Haven’s Answer: Well, Gigi, I struggled with this question, as music is purely a matter of taste and I can’t begin to guess what might make you happy. After much thought I settled on this: I would take 20 instead, allowing for a greater number of errors in judgment. I’d choose my favorite CD from a variety of genres, such as one or two singer/songwriters, a classic country, an outlaw country. I’d need at least four jazz recordings, one superior example of hip-hop or rap, two soundtracks, one disc of opera (not an opera in its entirety, but perhaps a collection of my favorite arias, or just my favorite Caruso). I tend to keep at least a dozen mix-CDs in my car at all times, ones I made myself, because I am super excellent at the form (forgive me, but there’s no denying it) and like having individual songs I love lined up that way. Those are always the ones I listen to the most, and I highly recommend it for your trip, which I see you’re keeping secret, as is your right, of course, and is probably your tendency as a French. Bon voyage!
This query comes from Spindy Loo Hoo in Wichita, Kansas, a city my friend Julie lived in for a few years and became convinced was populated with aliens. Spindy writes:
Question: We have a stuffed owl in our den. Yes, a real owl. My father-in-law shot it and then stuffed it himself with a home taxidermy kit in the late 1940s when he was a teenager (when it was not illegal to shoot an owl).
My question is this: the owl has a broken wing (it was fine when mounted, but got broken when packed and moved years ago, sometime between Texas and Colorado–what can I say, F-I-L worked for Amoco and they got transferred every other year). Is there some taxidermist who will fix this for us, or are we going to get hauled off to jail for having an illegal bird of prey if we try?
I like the owl but the broken wing is creeping me out a little (it sags). What should I do?
Haven’s Answer: Spindy, I love how you qualify your first statement with, “Yes, a real owl,” as if I of all people would even blink at such a notion. So dear.
While I know a fair amount about taxidermy, including about which animals it is legal or illegal to own, I decided to turn this over to experts, my friends and brilliant taxidermists, Troy and Lindy Smith. They answered:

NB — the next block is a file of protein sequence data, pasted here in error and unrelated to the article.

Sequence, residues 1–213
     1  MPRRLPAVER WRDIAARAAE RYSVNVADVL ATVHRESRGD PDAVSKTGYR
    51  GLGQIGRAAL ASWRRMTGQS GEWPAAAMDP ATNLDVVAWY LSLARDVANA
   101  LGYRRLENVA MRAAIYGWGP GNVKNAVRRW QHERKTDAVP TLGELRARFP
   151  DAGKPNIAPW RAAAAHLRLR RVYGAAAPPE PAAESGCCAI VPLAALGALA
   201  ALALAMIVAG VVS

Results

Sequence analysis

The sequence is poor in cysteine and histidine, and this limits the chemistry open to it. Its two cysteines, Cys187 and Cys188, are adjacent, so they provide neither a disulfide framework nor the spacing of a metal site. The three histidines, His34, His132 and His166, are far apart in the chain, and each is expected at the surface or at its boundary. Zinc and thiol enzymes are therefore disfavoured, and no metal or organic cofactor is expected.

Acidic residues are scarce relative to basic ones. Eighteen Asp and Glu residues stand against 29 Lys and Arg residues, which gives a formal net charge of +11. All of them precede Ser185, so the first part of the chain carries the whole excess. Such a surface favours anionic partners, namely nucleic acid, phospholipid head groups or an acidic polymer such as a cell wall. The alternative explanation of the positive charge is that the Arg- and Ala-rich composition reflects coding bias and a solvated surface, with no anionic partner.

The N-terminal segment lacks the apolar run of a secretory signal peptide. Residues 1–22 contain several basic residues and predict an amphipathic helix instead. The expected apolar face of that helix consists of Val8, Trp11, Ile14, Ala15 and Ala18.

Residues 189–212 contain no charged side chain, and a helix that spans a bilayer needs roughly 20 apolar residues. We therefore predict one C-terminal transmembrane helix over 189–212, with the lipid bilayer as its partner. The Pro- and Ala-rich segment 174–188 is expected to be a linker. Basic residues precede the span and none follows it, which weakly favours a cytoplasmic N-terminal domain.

Good Morning Haven,
Troy looked at the photograph of the owl and he said that the problem with trying to fix one would be that the mount is very fragile (basically like a cracker)…if you move any part it just crumbles. He said it would probably be best if they just try to put a stiff wire under the break if it would support or to find the crack and superglue it and see if that would hold it. He said he would hate to take the chance of messing up someone’s heirloom from shipping damages or just simply trying to repair him.
Thanks for sharing this with us.
Have a great day!
Keep in touch.
I suspected this would their response, as taxidermy is difficult to repair under the best of conditions, but heirlooms are nearly impossible, for a variety of reasons. Very old mounts used to be placed over clay forms set in a mold; alas, even hardened, baked clay crumbles easily and absorbs all sorts of barometric conditions. Some are stretched over wood (still talking about very old examples), which has its own problems. Today taxidermy artists use resin forms, which are a great improvement. Birds, however, remain difficult to mount even when the fowl in question is legal and doesn’t have to be moved under cover of darkness and using three anonymous vehicles. I’d be afraid to touch a 40-year-old owl with a broken wing, even though I can fix most anything with Beauty Parlor and ultra-adhesive mini-wax. I’d go with a wire under the break (or mini-wax at the seam of the break!), and cautiously at that. Best of luck, and if you attempt any repairs, send me new photographs.
T.T. from C.C. sends us this very nuanced and thoughtful dilemma:
Question: Dear Haven, I have been closely involved with a certain literary internet blog for about ten months now. I have become quite intimate with these people and have even met a sizable group of them in person. There was even a tryst – two nights in a quite fancy hotel in Durham which involved some …. room sharing. Recently, I was invited to join an actual book club near my home in Central New York. This involves “live people” who sit in an actual physical location and talk out loud about books. I feel guilty every time I meet with them.
My question is, Would this be considered unfaithfulness? Have I crossed the line in terms of fidelity? The rules of internet literary blogging are new to me, so I am unsure of my parameters. I look forward to your reassurance that I have not transgressed but will also accept a whack upside the head if I have strayed beyond the lines of moral decency.
Two-Timer from Cow Country
Haven’s Answer: Two-Timer, I want to be gentle in my response because I really like cows.
a) Guilt is the appropriate response.
b) Yes, it is an act of unfaithfulness.
c) Fidelity has been wounded, for certain.
d) I’d like to see hard evidence your new friends are “alive.”
Best of luck! And don’t forget to sing Italian opera to your stock – cows make better milk when sung to.
Sad Who Is A Neighbor has a pressing problem, from Sadlington, Massachusetts: